FLASHBACK FRIDAY | REMEMBER THE ALAMO
In 1996 Jeremy McGrath, Jeff Emig, Steve Lamson and Kevin Windham ruled the motocross roost. But once the official AMA Nationals were over, the 1996 off-season money train started with the Mexican-promoted, four-race International Supercross series that pitted the best Mexico had to offer against some of the best American riders. With the big races behind them, racing becomes a free-for-all for privateers and down-on-their-luck factory riders. It’s not that the highly paid factory superstars quit racing during the off-season; it is that they have the finances and wherewithal to pick and choose the races they will race (and that is usually the ones that pay them pre-race start money or are in exotic locales).
For ’96, the off-season money train started in the Alamodome, then the home of the NBA’s San Antonio Spurs. If you think that a basketball arena isn’t big enough to house a motocross event, you’re dead wrong. Not only was the Alamodome big enough to hold a Supercross, but you could put many of the AMA Supercross stadiums inside the cavernous confines of the Alamodome.
The prize? $9000 to the winner. The contenders? Phil Lawrence, Buddy Antunez, Kyle Lewis, Jimmy Button, Denny Stephenson, Corey Keeney, Kim Ashkenazi, Pedro Gonzalez, Brian Swink, Mike Brown and Chad Pederson.
The track? How did the massive Alamodome only produce a track with 30-second lap times. Easy, the promoters only used half of the dome. Alamodome management curtained off half of the dome floor before the Interticket promoters showed up to build the track. After seeing the track at the press intro on Thursday, they decided to lengthen the track to run behind the curtain barrier.
The atmosphere? The Alamo was the site of a little skirmish between Mexico and the Americans (actually, Texicans), but the Alamodome Supercross hosted a lot less rancor. “The best part of the off-season is hanging out with my motocross buddies without any of the team baggage,” said Denny Stephenson as he hung with Jimmy Button, Phil Lawrence, Chad Pederson, Jimmy Button and Brian Swink.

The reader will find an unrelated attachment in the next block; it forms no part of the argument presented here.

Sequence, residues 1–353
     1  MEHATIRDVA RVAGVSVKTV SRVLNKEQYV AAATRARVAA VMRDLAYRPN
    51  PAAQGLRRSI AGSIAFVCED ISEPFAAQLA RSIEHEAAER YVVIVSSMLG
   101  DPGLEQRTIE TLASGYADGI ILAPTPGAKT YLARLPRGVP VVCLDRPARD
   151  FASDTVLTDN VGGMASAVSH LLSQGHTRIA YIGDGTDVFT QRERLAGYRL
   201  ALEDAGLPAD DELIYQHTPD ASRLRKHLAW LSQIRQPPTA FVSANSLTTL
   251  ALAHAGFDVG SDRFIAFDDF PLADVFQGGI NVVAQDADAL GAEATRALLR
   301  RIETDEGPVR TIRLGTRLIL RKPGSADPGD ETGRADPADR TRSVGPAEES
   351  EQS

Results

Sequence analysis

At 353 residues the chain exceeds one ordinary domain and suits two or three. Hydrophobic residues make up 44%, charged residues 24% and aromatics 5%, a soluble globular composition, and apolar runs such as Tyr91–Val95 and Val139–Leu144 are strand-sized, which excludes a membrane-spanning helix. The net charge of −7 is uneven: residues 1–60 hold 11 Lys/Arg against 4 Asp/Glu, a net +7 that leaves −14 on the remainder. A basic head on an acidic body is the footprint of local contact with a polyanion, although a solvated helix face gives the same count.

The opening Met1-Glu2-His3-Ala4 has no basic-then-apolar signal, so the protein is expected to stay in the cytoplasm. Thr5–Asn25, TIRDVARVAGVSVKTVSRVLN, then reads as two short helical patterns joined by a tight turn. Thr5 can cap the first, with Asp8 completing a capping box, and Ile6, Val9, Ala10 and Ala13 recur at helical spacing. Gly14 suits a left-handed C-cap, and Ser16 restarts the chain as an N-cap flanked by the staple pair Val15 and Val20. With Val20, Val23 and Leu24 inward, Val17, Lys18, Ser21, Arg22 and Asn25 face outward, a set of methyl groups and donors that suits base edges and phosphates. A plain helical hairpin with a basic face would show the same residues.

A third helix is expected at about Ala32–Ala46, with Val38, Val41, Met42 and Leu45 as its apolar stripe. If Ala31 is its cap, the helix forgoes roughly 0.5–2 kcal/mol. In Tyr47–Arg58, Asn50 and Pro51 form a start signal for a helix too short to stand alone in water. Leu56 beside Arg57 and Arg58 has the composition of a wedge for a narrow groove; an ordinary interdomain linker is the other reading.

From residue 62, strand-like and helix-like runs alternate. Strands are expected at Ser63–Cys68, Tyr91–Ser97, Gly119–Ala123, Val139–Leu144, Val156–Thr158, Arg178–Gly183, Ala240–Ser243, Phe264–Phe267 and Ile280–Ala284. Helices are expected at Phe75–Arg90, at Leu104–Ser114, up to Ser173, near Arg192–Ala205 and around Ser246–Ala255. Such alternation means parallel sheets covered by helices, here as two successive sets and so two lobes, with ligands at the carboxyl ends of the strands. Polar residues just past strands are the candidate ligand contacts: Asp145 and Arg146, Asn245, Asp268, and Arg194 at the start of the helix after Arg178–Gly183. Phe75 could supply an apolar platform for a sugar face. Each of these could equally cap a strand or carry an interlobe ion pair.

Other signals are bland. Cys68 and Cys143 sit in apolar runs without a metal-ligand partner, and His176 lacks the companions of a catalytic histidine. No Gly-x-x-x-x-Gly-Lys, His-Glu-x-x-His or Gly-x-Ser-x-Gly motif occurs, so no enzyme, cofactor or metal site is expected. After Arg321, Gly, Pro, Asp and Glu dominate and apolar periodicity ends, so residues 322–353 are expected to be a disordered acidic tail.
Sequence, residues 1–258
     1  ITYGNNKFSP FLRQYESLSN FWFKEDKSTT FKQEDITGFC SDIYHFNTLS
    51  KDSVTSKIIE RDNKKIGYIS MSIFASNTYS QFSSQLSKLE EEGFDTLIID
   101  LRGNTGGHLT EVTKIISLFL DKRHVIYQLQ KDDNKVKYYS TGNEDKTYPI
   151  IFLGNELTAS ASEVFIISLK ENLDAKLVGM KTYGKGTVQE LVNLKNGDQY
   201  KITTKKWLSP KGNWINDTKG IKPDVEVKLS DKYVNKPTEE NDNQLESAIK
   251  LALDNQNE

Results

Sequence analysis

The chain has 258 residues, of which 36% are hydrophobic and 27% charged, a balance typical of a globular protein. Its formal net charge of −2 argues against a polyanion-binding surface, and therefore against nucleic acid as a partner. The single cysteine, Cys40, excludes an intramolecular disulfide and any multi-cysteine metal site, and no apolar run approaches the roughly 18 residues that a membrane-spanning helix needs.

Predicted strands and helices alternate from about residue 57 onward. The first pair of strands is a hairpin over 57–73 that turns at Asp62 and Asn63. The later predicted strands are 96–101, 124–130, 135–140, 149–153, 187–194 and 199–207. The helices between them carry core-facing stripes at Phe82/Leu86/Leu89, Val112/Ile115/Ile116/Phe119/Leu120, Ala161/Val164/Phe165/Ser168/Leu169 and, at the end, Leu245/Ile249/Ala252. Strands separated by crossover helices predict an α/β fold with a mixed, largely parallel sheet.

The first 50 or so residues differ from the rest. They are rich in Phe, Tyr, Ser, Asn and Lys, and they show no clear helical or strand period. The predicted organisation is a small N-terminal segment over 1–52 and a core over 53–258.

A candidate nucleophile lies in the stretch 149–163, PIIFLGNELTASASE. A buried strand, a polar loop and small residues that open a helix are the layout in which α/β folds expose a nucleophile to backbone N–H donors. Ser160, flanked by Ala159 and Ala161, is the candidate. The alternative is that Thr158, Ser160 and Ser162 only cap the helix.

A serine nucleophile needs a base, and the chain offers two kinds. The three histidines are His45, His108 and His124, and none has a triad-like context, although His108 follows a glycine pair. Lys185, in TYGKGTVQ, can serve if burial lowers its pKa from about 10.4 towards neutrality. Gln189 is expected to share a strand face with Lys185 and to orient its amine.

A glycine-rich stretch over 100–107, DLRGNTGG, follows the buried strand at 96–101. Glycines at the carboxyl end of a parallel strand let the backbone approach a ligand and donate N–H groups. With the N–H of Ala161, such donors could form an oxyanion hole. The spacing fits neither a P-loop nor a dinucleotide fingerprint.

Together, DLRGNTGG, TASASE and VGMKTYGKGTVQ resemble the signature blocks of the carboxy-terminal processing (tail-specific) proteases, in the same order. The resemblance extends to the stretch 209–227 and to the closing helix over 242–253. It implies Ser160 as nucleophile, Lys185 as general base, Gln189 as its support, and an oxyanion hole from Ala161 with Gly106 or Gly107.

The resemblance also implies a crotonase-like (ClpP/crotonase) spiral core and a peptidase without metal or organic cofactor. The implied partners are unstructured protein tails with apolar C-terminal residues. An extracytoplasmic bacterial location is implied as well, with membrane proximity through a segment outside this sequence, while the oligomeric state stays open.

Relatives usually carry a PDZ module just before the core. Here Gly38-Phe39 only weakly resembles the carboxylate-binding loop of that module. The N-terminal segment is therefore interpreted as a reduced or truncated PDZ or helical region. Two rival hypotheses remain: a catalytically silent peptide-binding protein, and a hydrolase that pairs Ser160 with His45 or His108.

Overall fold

The race? If a holeshot is important in a normal race, then at the Alamodome a holeshot was a must. Every person who holeshot his heat won. So, for the main event, everyone on the starting line had only one thing on his mind—being first to the first turn. Honda of Troy’s Mike Brown motored his CR125 into the first turn ahead of 19 other screaming 125 pilots, and to no one’s surprise, Mike went on to the win in the 15-lap, 7-minute-and-30-second, $2000 125 main event (ahead of Chad Pederson and Corey Keeney).
The 250 winner? Honda of Troy’s lame-duck rider Brian Swink piloted his CR250 to an uncharacteristic holeshot at the start of the night’s big event. Race favorite Phil Lawrence provided the most excitement as he closed in on Swink midway through the 20-lap, 10-minute feature. With the help of a late crash by Phil Lawrence, Swink grabbed the $9000 victory, earning $450 every 30 seconds on his way to the victory.